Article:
[Y]ou have to be emotionally and spiritually dead not to watch this and not feel some deep qualms about what our civilization is doing to its environment and to itself. The addiction metaphor – even used by George W. Bush by the end of his term – is the only apposite one. We’re like junkies trying to find a new vein. It keeps us alive and growing, but that simply brings into sharper focus the moral and spiritual costs of exploitation of the earth rather than prudent stewardship.
To sharpen the point, I’d say the impending loss of the gulf is a bit reminiscent of the closing scenes in the film “Requiem for a Dream,” where an addict’s arm is at stake. But another conservative, Jeff Jacoby, takes the following position:
[In 1974,] psychiatrist Thomas Szasz wrote in The New York Times that “oil addiction is equivalent to drug addiction.’’ But it’s not. . . . Americans consume oil not because they are “addicted’’ to it, but because it enriches their lives, making possible prosperity, comfort, and mobility that would have been all but unimaginable just a few generations ago. . . . The United States consumes more than 300 billion gallons of oil per year, nearly two-thirds of it imported. . . . What we have isn’t an addiction, but a blessing.
What I find curious about the professed “conservatism” of Jacoby’s position is that it rests on an attitude of entitlement and self-indulgence that conservatives seem to find repugnant in so many other contexts. As usual, Andrew Bacevich lays out the broader context precisely:
[Mainstream] Democrats agree with Republicans on the “concrete interests” of Americans: preserving what Bacevich calls our “empire of consumption.” ([Bacevich] borrowed the term from Harvard historian Charles Maier.) After WWII, the US was an “empire of production” – “we made the stuff that everybody else wanted.” So the country did not go into debt. “But we have increasingly become a culture that emphasizes consumption – limitless consumption . . . while others, notably China and Japan, have become the source of the goods we consume. There’s something fundamentally out of whack here. This disparity between what we produce and what we consume is simply not sustainable.”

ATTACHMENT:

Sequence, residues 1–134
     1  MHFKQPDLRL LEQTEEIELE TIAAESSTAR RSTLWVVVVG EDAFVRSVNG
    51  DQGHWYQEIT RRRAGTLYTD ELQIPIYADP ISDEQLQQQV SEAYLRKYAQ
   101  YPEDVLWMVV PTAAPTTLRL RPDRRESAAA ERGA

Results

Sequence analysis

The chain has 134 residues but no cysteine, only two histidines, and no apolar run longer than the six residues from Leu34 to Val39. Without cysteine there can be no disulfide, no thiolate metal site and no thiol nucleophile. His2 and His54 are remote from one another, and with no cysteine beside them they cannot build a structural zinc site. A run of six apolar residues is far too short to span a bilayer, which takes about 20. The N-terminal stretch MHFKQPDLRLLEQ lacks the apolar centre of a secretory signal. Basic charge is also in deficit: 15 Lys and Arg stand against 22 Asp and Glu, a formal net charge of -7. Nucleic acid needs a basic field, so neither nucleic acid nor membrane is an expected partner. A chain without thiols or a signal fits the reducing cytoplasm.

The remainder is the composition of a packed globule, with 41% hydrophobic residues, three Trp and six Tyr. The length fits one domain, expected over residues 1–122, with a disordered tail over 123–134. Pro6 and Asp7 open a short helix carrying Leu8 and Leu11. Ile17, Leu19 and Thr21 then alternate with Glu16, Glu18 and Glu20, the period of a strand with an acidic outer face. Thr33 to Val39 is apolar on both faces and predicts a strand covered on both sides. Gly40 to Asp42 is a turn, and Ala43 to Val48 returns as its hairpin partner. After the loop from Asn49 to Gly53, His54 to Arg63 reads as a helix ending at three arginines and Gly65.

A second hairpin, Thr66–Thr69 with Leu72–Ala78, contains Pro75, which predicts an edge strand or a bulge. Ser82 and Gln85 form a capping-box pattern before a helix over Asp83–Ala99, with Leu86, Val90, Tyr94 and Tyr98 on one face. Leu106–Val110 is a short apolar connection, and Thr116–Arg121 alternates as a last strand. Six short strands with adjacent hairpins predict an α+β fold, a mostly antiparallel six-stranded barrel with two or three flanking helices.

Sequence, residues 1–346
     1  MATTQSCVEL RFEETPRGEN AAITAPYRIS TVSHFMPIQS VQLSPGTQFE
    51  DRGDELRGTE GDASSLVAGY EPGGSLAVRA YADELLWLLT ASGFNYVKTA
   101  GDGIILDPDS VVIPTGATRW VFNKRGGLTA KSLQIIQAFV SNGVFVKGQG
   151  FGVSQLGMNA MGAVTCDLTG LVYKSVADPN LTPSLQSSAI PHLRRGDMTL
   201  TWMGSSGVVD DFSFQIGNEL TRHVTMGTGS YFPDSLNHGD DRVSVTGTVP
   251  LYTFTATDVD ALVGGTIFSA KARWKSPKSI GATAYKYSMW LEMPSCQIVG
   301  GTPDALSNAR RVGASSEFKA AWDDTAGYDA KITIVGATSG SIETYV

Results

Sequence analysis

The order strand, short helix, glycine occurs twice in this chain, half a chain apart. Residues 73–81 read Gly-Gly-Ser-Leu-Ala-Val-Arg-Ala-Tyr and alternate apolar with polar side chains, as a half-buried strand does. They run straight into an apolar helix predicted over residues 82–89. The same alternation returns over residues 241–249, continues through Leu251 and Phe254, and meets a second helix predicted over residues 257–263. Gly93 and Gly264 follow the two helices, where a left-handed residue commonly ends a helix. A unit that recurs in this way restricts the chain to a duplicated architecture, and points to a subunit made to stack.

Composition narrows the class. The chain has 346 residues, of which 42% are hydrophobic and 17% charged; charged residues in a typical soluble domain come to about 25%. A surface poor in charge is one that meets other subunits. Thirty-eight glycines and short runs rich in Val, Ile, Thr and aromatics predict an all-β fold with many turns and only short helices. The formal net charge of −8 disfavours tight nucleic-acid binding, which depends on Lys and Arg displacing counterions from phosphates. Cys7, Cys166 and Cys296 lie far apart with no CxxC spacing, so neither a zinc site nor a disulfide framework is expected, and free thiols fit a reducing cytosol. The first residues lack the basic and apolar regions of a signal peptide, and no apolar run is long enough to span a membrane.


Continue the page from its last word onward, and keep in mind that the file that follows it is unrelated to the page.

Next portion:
To quantify matters: “Between 1995 and 2005, U.S. consumption grew from 17.7 million barrels a day to 20.7 million barrels a day, a 3 million barrel a day increase. China, by comparison, increased consumption from 3.4 million barrels a day to 7 million barrels a day, an increase of 3.6 million barrels a day, in the same time frame.” In other words, with less than a third of the population of China, the U.S. increased its oil consumption over a decade-long period by nearly the same amount as the entire nation of China began with! We continued building bigger cars, and bigger houses, ever further apart, assuring an ever-deeper environmental footprint.
Given the fungibility of food and fuel, we are effectively starving people to feed cars. The type of lifestyle that Jacoby celebrates may not have been a self-harming addiction as long as the structural violence it fueled was kept far away. Now it’s at the gulf coast. Perhaps Jacoby will “get it” if the loop current feeds tarballs up to the Cape.
Photo Credit: EtienneCoutu.